As owners or managers of a dealership, you deal with contracts every day – from the complicated financing agreement or IT services agreement to a simple purchase order.  Even though all contracts have legal terms (many of you would say it is simply unreadable gibberish!), the tendency of most people that get these contracts when they are the “customer” is to simply sign it and move on so that the real business at hand can get done.

This is a perfectly reasonable reaction when we are dealing with smaller transactions.  Even though there are words I wouldn’t like in the contract (if I read it), I make the judgment call that it won’t be worth my time or effort to read and argue about words in a contract that I won’t be able to get changed anyway.   But when it comes to contracts that require a significant investment and involve a long-term relationship, I pay very close attention to the words in the contract and I strongly encourage you to do the same.

As dealers, one of the best examples of a contract where you need to pay close attention is the dealer agreements you have with your manufacturers.  These contracts represent key relationships in your business and it is important for you to know what to do when a manufacturer rep stops by with a new contract and says “I need you to sign here so that we can keep doing business.”  I know this situation happens on a regular basis and when it happens the next time, I want you to be armed with information so that you know how to respond.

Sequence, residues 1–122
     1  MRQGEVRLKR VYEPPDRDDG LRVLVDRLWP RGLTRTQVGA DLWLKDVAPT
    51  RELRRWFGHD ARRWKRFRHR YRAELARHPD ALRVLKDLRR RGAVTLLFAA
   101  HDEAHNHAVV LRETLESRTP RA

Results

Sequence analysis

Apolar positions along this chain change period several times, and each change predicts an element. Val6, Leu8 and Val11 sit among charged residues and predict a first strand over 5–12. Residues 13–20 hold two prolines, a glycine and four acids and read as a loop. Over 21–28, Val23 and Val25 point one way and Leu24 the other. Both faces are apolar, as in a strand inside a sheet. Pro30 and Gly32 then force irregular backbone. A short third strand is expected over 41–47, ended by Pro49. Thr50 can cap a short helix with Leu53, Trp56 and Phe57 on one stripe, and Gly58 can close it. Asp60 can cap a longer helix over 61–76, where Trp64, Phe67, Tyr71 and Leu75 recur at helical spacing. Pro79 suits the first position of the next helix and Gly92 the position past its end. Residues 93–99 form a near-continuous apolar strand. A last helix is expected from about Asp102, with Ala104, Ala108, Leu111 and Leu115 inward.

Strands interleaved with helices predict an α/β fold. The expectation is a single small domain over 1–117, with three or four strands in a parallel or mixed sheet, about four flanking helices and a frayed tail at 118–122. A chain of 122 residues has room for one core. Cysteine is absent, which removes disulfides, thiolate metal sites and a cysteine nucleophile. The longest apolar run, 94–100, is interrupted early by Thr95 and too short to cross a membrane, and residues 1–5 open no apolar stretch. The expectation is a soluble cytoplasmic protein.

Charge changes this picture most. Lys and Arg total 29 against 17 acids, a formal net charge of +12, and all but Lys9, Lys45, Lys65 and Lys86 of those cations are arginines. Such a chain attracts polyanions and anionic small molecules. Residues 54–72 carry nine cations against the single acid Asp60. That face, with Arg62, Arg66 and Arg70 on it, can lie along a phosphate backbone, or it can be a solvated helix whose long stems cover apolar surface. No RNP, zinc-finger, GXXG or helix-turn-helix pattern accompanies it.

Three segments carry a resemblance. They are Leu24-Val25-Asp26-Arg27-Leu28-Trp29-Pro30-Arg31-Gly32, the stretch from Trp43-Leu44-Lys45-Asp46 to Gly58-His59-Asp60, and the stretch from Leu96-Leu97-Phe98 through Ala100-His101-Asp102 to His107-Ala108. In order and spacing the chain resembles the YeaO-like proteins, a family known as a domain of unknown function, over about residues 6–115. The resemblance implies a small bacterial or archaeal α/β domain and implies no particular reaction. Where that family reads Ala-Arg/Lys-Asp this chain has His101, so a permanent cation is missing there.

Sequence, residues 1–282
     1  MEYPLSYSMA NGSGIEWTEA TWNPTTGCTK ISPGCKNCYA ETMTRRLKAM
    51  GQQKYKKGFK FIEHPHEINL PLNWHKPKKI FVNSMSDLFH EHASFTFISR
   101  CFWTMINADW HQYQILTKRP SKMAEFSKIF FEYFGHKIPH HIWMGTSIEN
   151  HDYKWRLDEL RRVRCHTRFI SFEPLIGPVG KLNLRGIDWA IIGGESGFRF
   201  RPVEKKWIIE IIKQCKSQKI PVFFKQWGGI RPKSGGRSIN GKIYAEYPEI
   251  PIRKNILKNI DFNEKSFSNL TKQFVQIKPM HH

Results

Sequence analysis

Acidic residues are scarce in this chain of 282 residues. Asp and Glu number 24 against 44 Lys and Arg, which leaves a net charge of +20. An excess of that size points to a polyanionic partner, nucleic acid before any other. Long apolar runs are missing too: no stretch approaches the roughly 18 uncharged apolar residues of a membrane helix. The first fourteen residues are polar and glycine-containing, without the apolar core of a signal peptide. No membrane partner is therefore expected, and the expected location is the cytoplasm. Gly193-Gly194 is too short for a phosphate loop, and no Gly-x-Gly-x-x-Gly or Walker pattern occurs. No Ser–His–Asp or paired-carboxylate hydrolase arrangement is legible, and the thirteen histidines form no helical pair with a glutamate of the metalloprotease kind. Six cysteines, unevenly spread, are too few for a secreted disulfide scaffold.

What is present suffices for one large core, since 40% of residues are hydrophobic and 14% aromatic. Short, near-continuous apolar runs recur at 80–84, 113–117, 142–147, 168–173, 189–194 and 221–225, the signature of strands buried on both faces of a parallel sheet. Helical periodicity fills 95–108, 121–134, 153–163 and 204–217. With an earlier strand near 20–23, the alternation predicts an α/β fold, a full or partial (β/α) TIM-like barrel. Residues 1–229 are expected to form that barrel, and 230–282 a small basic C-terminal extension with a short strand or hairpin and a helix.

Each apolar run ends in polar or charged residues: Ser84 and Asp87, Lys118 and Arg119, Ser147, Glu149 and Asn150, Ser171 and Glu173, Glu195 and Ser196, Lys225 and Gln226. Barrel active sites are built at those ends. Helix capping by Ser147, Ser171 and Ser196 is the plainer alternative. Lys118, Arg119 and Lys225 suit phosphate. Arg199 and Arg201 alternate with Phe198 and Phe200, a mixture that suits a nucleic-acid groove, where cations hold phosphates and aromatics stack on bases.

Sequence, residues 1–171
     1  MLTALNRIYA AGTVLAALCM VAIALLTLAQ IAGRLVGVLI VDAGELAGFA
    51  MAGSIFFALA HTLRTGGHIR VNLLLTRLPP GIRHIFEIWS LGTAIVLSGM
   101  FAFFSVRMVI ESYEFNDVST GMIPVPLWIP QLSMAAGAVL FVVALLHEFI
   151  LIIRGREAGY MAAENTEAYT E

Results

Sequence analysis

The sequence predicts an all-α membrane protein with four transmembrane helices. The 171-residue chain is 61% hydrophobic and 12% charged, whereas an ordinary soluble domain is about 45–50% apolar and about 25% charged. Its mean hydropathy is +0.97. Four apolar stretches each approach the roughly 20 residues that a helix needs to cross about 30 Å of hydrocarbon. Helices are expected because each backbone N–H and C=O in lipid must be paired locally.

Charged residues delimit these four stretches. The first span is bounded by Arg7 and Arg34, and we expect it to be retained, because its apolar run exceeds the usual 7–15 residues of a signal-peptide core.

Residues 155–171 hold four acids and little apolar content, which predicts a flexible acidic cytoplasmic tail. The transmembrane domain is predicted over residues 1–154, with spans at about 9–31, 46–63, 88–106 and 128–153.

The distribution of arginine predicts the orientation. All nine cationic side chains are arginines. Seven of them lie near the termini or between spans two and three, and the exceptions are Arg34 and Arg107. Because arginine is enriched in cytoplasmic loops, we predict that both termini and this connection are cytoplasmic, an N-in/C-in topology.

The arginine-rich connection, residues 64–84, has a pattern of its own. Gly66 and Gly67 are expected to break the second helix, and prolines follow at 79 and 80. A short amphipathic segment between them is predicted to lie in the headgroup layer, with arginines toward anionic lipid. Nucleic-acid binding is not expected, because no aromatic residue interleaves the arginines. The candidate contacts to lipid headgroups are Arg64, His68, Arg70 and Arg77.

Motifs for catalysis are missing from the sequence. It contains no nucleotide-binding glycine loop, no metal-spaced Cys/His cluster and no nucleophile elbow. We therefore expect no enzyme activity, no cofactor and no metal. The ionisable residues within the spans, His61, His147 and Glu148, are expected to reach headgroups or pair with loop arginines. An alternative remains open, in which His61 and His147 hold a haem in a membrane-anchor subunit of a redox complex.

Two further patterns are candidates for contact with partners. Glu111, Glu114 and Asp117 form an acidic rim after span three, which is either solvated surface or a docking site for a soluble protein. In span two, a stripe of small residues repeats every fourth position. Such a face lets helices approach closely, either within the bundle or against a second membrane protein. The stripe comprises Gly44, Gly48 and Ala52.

Know Your Rights Under Dealer Protection Laws

Farm equipment dealers (and often OPE and construction dealers) in most states and provinces in the US and Canada have laws in place that recognize the leverage manufacturers have in the dealer-manufacturer relationship.  These laws are intended to give dealers a slightly more level playing field.

One of the most important protections in many of these laws is that a manufacturer can’t terminate your contract without “good cause”.  This typically means that you have to do something to violate the contract and, in many cases (e.g., market share issues), you also get the right to have some time to fix the problem before the contract can be terminated.

This is a very important protection for dealers and it is often used reactively to prevent a manufacturer from terminating your contract.  However, this protection should also be used proactively to give you leverage when your manufacturer comes to you with a replacement contract.  If this happens and you sign the new agreement, you have really just agreed to voluntarily “terminate” your old agreement.  As a result, the key thing for you to understand is that the dealer protection laws often allow you to say “no” when asked to sign the new agreement because the manufacturer usually can’t turn around and terminate you for refusing to sign.


What Should I do When Asked to Sign a Replacement Dealer Agreement?

If you are asked to sign a replacement dealer agreement, I recommend the following simple steps:

  • Ask the manufacturer to explain the changes.
  • Ask the manufacturer if all dealers are receiving the agreement.
  • Check your files to see if you have your current agreement and if not, ask the manufacturer for a copy.
  • Tell the manufacturer that you want to review the contract first and that you don’t plan to sign it while they are waiting.
  • Contact your association.  Your association executive may be able to help explain the changes or give you insight into why the manufacturer is taking the action.  If the change impacts a significant number of dealers, the association may also be able to obtain a legal review to help you understand the changes and the related rights you have under the dealer protection laws.

Please remember to pay attention to the key contracts impacting your business.  The words in these contracts matter and you should understand the meaning of changes before signing up for new terms.  You may even be able to get changes made to the contract, especially if you have the protection of a state law that gives you some leverage to negotiate.